Pain Management – Steroid Epidural


© Mayfield Clinic

Yesterday, I underwent my Epidural Steroid Injections at Lumbar 3, 4 & 5. I was more frightened of this procedure than any previous medical procedures since being diagnosed with breast cancer. Honestly. Why? Because, this procedure was going to invade my spinal cord and if something went wrong, the consequences could be life altering.

I arrived at St. Anthony’s Pain Management Department. Approaching the clerk, she slid open the privacy window, asked my name and told me to “Come right in, I’ll get your vitals and show you to your room.” Wow! This was an experience I never knew before! Usually, I, as a patient would be seated in the reception waiting room for at least half an hour before anyone would call my name.

I sat in the receptionist’s office where she immediately took my BP, pulse and temperature then walked me to waiting room #4. “Remove your top, put on the gown with the opening at the back and have a seat. The nurse will come in to get more information and answer any of your questions.”

“Should I take off my bra? It’s just a pull-on sports bra.”

“You should be ok with it on, they’ll let you know if you need to take it off.”

She left the room, I removed my sweatshirt jacket, t-shirt and before I had my gown on, the receptionist came in and handed me the blood pressure cuff she had used, “Sorry, I forgot to leave this with you. They’ll be using this in the operating room for you.”

I thought that was another new and different procedure, she left the room and I sat in the overstuffed, most comfortable recliner I have ever sat in! I could have fallen asleep in that recliner.


© Google Search

After about fifteen to twenty minutes, the door opened and a nurse entered the room with a most pleasant smile and an aura that lighted up the room. No kidding. I am not a psychic, but this nurse’s spirit was bright, caring, positive, so much so that I just had to tell her, “You have the absolute nicest presence of any of the medical staff I have encountered, and believe me, this year, I have been through many, many procedures. You are a delight. Your spirit is wonderfully, contagiously, positive!”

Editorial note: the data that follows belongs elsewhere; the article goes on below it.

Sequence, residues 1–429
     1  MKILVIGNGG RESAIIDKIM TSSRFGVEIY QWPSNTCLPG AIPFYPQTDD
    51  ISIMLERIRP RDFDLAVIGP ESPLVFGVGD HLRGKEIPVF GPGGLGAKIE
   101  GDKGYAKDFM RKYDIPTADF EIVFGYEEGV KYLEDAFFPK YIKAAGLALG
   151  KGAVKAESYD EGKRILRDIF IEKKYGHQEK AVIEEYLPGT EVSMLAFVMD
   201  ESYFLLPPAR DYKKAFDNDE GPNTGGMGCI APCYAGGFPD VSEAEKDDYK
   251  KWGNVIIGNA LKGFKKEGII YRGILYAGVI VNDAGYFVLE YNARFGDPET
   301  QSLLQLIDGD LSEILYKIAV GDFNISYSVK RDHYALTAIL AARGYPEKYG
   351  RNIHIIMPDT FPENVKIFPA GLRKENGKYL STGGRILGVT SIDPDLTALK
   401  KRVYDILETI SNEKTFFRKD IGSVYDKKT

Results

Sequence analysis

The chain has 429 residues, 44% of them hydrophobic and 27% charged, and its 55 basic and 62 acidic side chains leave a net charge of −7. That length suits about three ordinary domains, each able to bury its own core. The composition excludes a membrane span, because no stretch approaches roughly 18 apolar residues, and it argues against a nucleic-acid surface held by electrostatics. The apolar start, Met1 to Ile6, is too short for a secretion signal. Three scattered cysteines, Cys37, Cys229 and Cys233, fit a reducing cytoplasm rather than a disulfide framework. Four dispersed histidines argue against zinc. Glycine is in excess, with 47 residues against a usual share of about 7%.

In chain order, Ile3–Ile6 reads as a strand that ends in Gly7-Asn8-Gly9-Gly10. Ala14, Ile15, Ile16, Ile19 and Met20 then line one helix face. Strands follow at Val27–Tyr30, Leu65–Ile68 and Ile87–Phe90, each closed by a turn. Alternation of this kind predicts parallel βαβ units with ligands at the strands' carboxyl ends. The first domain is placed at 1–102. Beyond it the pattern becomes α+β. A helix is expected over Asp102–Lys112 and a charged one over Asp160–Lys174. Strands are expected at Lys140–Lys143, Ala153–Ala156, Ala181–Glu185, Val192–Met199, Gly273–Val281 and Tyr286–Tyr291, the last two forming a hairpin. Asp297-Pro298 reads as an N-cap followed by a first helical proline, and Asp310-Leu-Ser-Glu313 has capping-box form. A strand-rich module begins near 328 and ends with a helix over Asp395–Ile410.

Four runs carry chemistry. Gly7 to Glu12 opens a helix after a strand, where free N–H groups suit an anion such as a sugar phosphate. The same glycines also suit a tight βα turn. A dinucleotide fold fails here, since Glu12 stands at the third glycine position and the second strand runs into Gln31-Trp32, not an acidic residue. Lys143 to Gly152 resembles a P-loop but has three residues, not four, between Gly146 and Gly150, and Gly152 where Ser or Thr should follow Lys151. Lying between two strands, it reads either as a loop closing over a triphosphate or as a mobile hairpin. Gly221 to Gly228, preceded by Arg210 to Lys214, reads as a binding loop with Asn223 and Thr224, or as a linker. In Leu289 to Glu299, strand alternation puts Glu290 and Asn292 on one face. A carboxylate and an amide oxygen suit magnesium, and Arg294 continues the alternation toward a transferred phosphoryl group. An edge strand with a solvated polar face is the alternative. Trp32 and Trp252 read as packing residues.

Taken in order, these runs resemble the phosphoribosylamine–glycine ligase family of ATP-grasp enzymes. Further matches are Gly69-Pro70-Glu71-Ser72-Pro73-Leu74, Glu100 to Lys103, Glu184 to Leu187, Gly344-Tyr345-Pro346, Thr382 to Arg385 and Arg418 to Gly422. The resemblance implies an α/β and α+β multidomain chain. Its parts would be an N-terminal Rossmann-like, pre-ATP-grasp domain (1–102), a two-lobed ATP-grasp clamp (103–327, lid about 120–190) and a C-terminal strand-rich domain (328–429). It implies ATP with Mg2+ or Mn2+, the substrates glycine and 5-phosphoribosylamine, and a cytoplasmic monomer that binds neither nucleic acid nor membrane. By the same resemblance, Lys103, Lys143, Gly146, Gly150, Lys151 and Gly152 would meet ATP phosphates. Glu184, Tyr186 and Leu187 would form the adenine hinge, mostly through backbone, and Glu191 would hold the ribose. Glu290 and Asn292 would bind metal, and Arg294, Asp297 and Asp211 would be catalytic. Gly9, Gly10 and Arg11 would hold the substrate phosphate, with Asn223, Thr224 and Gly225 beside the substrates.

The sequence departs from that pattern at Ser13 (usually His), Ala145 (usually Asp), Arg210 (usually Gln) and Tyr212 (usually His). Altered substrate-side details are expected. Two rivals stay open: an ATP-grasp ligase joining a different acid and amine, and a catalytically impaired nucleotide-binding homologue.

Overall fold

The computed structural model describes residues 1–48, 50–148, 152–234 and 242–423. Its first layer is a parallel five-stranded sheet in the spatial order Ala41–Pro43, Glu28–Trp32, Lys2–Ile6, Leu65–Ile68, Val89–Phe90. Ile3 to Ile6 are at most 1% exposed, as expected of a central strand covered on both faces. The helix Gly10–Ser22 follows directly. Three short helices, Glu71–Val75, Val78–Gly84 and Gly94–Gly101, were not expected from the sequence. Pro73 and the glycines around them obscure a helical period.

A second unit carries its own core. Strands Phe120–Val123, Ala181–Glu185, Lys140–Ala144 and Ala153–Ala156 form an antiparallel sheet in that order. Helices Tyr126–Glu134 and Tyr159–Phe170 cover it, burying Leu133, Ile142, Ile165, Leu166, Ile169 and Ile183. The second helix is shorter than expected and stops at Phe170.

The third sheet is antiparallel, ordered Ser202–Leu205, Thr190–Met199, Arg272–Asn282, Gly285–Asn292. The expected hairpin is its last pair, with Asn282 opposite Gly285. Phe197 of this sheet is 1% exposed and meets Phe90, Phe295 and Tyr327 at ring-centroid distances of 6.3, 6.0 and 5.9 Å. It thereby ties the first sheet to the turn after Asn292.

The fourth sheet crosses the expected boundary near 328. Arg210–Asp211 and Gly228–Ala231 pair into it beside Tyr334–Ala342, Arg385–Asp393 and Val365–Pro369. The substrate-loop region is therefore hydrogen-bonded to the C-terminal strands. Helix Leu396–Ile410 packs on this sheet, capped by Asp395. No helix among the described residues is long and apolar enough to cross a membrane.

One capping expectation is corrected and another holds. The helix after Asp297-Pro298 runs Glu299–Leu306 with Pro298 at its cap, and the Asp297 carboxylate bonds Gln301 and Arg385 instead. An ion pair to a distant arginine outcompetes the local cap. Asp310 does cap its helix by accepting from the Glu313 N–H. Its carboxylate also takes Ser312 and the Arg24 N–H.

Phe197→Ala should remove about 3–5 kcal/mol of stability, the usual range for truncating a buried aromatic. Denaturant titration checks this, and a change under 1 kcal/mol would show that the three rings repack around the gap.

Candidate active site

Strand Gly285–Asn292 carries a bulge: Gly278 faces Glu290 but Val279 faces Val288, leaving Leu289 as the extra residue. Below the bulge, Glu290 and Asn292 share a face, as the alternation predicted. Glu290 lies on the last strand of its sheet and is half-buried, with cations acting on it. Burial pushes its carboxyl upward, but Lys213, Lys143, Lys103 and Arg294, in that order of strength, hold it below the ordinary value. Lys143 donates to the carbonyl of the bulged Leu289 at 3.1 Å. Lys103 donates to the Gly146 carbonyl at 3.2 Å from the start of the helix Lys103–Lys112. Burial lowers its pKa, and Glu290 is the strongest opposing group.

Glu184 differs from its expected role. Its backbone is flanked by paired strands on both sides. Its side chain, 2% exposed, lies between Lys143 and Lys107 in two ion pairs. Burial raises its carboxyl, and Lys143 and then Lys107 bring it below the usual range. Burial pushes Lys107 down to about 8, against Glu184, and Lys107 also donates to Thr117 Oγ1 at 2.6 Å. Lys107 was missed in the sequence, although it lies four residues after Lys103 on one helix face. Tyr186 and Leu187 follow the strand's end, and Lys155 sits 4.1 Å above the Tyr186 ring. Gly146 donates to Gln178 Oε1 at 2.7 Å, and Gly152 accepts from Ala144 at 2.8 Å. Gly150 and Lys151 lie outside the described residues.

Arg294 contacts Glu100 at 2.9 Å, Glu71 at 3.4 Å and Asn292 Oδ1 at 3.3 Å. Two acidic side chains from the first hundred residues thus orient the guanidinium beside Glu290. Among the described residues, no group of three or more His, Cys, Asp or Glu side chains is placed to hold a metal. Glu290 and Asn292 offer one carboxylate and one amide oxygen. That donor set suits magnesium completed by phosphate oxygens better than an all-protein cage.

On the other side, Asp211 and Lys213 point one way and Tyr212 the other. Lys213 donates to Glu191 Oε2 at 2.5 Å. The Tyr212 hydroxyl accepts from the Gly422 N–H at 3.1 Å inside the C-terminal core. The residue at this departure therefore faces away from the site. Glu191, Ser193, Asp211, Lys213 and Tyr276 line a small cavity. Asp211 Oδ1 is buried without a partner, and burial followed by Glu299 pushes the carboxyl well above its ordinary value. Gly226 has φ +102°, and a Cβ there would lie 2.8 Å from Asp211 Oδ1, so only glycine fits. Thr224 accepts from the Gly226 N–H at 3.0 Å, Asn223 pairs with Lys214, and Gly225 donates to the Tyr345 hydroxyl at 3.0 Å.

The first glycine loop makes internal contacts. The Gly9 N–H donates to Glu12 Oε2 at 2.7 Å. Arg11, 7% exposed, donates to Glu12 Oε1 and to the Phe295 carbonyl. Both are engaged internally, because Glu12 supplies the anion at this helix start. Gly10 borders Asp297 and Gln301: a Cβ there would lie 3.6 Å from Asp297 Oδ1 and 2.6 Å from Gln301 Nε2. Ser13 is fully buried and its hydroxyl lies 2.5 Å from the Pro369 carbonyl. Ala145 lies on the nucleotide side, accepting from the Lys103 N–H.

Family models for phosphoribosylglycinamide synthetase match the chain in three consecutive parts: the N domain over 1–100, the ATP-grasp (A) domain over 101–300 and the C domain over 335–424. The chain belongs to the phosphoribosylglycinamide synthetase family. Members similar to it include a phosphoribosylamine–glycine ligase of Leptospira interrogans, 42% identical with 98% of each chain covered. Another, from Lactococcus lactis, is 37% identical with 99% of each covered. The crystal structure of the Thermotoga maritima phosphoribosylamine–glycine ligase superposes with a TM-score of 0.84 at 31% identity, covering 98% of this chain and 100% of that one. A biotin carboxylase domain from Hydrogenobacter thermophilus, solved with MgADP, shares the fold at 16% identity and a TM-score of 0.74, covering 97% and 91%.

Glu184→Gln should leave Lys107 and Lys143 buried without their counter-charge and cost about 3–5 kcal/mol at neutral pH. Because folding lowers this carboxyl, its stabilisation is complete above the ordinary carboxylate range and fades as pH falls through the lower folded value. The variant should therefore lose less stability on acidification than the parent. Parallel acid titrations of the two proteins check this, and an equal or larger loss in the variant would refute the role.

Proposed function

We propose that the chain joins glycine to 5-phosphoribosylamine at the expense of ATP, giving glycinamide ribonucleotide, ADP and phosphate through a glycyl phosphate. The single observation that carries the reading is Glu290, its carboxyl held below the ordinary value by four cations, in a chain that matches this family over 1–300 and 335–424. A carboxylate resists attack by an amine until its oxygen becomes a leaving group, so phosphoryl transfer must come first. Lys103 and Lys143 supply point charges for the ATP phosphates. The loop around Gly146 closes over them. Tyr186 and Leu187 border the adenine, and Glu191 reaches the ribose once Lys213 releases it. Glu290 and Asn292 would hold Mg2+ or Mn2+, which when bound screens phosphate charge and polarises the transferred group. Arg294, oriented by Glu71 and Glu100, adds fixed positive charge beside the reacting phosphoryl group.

She thanked me and then went about sticking my hand with the butterfly gadget which would be used to administer a relaxant during the procedure. Somehow, we talked about breast cancer. Oh, I remember how that came up. I told her that there were to be no sticks, pricks or pressure on my right arm for fear of lymphedema because I had breast cancer and mastectomies. That opened a door for further conversation. It seems as though breast cancer is so common anymore that anyone I talk with has a story to share of themselves or a close relative.

I told the nurse how unhappy I was with my ugly reconstruction. She told me she went through a similar situation. It began when her sister was twenty-four and diagnosed with breast cancer, she went through chemo, radiation, mastectomies and ended up dying four years later. She was only twenty-nine.

My nurse went through the genetic testing and had her breasts removed prophylactically before breast cancer could take hold. She told me that her reconstruction was horrendous, they were “ugly, lumpy, disproportionate mounds” which her plastic surgeon told her was the best that she could expect. She did not accept that diagnosis and went to another plastic surgeon who has a phenomenal reputation for his work on reconstruction for breast cancer patients. She said he was outstanding and she is happy with her “breasts.” The doctor’s name is Dr. Derek Shadid.